The Guns of Newton Station
"The Horse Soldiers" is a nicely made movie with some nice moments of action and a simmering tension between John Wayne and William Holden as Col. John Marlowe and Maj. Henry Kendall and to be honest you expect nothing less from director John Ford. But the trouble is that the story of a bunch of Union soldiers going deep into Confederate territory to try and blow up a train and the supply network is not that brilliant even if it does take its lead from the history books and the true story of Col. Benjamin Grierson who lead such a daring raid. It's not that it is dull in fact the various difficulties that these soldiers encounter a long the way which include having to take a Southern lady prisoner are entertaining but they are also quite forgettable especially when compared to the other westerns which John Ford and John Wayne collaborated on.
With the Union coming under increasing pressure from the Confederates a troop lead by Col. John Marlowe (John Wayne - The Searchers) are given the mission to enter enemy territory and destroy Newton station, the hub of the Confederates supply network. It's a dangerous mission and Col. Marlowe is not impressed when he discovers doctor Maj. Henry Kendall (William Holden - Love Is a Many-Splendored Thing) is assigned to his troop as he holds a deep loathing of the medical profession. And to make matters worse there mission is compromised when Southern Belle Miss Hannah Hunter of Greenbriar (Constance Towers - A Perfect Murder) over hears critical information about their mission and Marlowe is forced to take her along as a prisoner.
Watching "The Horse Soldiers" now it is very easy to see a formula going on with the mission on enemy ground to blow up a critical element of their battle plan. It is the very same formula which became common place in WWII movies such as "The Guns of Navarone" and "They Who Dare". And as such because of this recognizable formula "The Horse Soldiers" is on one hand a little obvious, you know that the journey into enemy territory will be full of danger and encounters with the enemy and the attempt to get out after attacking the supply line will be just as perilous. There may not be the covert ops which featured in the WWII movies with instead the Union soldiers facing danger face on but that formula is ever present and for me is part of the reason why "The Horse Soldiers" struggles a little.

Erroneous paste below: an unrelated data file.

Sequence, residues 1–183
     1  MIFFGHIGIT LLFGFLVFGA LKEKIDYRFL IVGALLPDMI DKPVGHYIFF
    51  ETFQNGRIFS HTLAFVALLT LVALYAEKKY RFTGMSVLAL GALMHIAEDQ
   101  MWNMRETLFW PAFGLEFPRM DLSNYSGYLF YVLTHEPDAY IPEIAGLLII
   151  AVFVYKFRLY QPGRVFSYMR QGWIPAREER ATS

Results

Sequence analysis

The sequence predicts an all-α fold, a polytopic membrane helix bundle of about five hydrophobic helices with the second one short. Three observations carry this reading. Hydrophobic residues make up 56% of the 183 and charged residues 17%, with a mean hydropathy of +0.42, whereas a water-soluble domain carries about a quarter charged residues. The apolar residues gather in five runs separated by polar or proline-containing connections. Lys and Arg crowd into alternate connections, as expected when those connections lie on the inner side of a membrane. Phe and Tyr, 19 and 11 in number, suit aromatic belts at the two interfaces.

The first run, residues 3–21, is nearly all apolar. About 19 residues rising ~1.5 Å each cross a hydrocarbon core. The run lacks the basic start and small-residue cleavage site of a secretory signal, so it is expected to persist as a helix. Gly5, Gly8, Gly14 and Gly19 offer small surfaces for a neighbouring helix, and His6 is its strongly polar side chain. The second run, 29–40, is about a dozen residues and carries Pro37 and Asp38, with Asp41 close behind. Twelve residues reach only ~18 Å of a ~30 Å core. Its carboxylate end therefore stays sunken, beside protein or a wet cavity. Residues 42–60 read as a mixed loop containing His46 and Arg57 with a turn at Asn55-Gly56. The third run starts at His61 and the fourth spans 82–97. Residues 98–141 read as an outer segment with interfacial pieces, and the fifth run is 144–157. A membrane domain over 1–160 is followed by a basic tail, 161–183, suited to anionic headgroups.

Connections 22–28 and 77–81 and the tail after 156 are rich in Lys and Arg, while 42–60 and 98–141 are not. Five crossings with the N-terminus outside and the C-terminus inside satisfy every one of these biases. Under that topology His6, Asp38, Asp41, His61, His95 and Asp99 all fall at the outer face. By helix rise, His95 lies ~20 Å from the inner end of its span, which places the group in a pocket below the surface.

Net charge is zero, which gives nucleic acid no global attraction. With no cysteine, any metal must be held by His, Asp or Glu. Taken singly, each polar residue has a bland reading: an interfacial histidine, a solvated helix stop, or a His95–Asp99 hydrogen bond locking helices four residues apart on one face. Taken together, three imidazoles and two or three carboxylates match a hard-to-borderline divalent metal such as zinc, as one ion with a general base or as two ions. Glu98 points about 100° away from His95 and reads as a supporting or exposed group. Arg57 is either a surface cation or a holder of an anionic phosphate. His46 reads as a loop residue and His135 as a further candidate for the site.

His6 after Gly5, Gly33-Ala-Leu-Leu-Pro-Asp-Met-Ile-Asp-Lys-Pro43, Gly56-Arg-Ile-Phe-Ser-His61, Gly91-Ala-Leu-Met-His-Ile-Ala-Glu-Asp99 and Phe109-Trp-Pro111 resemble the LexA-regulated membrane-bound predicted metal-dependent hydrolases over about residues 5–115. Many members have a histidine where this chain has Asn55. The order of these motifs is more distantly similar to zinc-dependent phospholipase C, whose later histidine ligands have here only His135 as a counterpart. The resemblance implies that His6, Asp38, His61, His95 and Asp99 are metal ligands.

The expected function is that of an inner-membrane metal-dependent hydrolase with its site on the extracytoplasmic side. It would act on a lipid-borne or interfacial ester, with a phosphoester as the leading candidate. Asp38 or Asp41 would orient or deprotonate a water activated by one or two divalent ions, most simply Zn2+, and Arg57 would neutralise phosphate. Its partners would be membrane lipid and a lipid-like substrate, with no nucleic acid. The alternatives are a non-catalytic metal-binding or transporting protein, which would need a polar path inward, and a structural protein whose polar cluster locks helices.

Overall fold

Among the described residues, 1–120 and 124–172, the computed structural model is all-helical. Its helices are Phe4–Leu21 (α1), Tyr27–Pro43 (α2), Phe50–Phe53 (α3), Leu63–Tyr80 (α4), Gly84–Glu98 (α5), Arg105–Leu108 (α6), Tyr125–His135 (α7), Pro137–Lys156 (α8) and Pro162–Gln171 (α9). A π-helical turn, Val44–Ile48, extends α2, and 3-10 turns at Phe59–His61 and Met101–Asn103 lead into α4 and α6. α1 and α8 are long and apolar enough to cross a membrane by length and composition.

But there is more to "The Horse Soldiers" than just this formula and we have the tension between Col. John Marlowe and medic Maj. Henry Kendall as Marlowe has a dislike of the medical profession and as such is less than thrilled to be saddled with a quack on his mission. Of course there is a reason why Marlowe detests doctors and as such dislikes Kendall and it all becomes very clear further on in the movie. But this element does add that extra element as the tension between them leads to arguments and inevitably boils right over into a fight.
Also adding a little extra to the story is having Marlowe taking Southern Belle Miss Hannah Hunter of Greenbriar prisoner when she is caught listening in to the Col. explaining the mission to his officers. It adds some much needed and in many ways expected lightness as Hannah flirts with Marlowe as well as ending up getting soaked a few times. Unfortunately this side of things ends up becoming a rather annoying romantic cliche and part of the reason why the ending goes out with barely a whimper let alone a bang.
In many ways "The Horse Soldiers" is a big movie, a big John Ford Western with brilliant landscapes and some nice action scenes but sadly it lacks the big performances. Both John Wayne and William Holden come across as doing just enough, delivering their lines but not their characters and it ends up making both Marlowe and Kendall very flat. In John Wayne's case he's not helped by playing a variation of the military man he did in so many civil war movies but there is nothing to make Col. Marlowe feel unique. As for Constance Towers who brings some humour as Miss Hannah Hunter well it does feel like she has been partly cast because she is attractive and can deliver the forlorn look of a woman taken prisoner but at least she makes Hannah more than just another flat generic character.
What this all boils down to is that whilst a solid Civil War western "The Horse Soldiers" is also quite forgettable. There is now a familiarity to the storyline of the mission behind enemy lines and there is little to make it feel unique. Even the performances of John Wayne and William Holden fail to make it feel any more original and with out Constance Towers bringing a pleasant touch of lightness to the drama it could have been even more forgettable.